Kawasaki proudly announced a two year deal with Melandri before the end of the 2008 season, and the Italian impressed during initial post-season tests for team, but his 2009 season was then thrown into turmoil when Kawasaki announced a factory withdraw from MotoGP in early January.
Fast forward two months and Melandri was named as the lone rider for the Hayate Racing Team, the unofficial entry which Kawasaki was ‘persuaded’ to back after being reminded that there was still three years to run on its MotoGP contract.
The Hayate team used the 2009 ZX-RR with technical support from Kawasaki, although the machine wasn’t developed and Melandri’s main aim was simply be to remind the MotoGP paddock of his talent and secure a competitive seat for 2010.
In that regard, it was mission accomplished, with Melandri securing his Gresini return with a series of impressive rides, highlighted by a podium finish at Le Mans, on his way to tenth overall in the 2009 championship.
The return to Gresini had been sealed on the promise that he would receive factory support from Honda during 2010, but with the manufacturer seemingly more focused on its protégé Marco Simoncelli, Melandri felt neglected.
Indeed, while a disastrous start to the year at Losail, in which Melandri finished in last position and well off the pace, evoked memories of his Ducati days, the team quickly sorted the bike’s set-up woes to prove far more competitive in the ensuing races.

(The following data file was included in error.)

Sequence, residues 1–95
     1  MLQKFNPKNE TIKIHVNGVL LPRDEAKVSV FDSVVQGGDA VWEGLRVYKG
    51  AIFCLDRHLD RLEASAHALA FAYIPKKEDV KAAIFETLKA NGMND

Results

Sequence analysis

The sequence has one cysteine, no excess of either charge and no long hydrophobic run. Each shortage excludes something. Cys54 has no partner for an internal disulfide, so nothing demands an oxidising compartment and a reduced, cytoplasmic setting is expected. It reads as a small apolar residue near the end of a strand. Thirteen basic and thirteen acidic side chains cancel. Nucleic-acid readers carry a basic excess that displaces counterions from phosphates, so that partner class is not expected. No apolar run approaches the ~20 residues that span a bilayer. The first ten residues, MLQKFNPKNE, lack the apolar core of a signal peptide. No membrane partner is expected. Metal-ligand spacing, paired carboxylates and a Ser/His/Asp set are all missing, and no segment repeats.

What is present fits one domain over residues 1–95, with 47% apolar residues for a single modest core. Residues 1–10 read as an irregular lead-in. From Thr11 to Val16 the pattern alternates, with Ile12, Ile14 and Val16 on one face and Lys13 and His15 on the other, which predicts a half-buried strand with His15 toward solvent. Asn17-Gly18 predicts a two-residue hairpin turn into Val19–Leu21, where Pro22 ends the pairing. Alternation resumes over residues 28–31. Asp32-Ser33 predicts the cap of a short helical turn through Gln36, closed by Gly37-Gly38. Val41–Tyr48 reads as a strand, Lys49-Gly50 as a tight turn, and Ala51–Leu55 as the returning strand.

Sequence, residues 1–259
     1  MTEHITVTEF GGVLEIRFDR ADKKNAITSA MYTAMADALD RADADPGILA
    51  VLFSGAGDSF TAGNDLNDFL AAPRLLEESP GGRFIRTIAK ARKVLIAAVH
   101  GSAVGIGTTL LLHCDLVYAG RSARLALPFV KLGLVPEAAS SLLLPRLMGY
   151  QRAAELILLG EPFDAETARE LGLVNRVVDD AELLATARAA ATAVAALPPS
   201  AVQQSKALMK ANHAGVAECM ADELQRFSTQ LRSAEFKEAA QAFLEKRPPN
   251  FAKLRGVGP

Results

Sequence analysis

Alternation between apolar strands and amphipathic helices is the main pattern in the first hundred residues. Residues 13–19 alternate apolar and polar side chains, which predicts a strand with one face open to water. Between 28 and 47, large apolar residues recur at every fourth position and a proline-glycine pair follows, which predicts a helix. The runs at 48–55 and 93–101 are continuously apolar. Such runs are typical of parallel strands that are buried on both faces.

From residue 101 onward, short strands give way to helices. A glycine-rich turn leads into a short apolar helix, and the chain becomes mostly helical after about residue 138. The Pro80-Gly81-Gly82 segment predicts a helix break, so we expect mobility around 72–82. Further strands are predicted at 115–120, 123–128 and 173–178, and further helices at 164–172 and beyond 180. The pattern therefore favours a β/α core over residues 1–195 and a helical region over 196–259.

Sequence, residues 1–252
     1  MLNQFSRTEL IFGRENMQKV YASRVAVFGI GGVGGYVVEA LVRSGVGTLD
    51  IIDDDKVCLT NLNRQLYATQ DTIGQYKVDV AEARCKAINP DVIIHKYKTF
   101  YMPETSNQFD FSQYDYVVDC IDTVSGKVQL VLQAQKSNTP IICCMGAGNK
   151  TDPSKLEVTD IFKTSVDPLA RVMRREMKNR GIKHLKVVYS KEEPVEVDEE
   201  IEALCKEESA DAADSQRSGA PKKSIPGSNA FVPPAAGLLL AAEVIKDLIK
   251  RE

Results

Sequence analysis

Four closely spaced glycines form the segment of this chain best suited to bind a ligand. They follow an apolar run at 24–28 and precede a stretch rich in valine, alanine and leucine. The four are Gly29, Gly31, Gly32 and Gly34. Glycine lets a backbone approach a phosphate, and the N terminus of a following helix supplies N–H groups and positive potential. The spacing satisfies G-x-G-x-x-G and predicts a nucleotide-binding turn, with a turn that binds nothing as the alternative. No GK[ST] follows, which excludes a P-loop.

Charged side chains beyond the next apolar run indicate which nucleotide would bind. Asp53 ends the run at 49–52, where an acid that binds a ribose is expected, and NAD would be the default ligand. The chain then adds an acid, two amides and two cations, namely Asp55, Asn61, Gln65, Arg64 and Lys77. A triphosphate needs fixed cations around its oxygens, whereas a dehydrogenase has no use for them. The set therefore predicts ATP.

However, having broken into the top five at Mugello, Melandri suffered a shoulder injury that ruled him out of the Dutch TT and hampered him for the next few races.
Coupled to Simoncelli’s form improving into the second-half, Melandri became increasingly vocal about his lack of ‘feeling’ on the bike, with both rider and team manager Fausto Gresini taking minor pot-shots at one another on the team’s own press releases, the former claiming he wasn’t receiving enough support, the latter suggesting his rider wasn’t trying hard enough.
Despite the bad feeling – which arguably suggested his results were worse than they were -, Melandri still secured a top ten finish in the overall standings. Even so. it was soon clear his Gresini Honda – and MotoGP days – were numbered.
Though retirement was once again mooted, before the season had ended, Melandri had been confirmed as Yamaha’s new rider in World Superbikes.
Following in the footsteps of Max Biaggi and Carlos Checa, Melandri was a welcome addition to the WSBK ranks and he quickly established himself as a fan favourite. Though he kept his rivals guessing as he spent pre-season recovering from a shoulder injury, a podium at the season opener in Australia proved he would be a reckoned force at this level.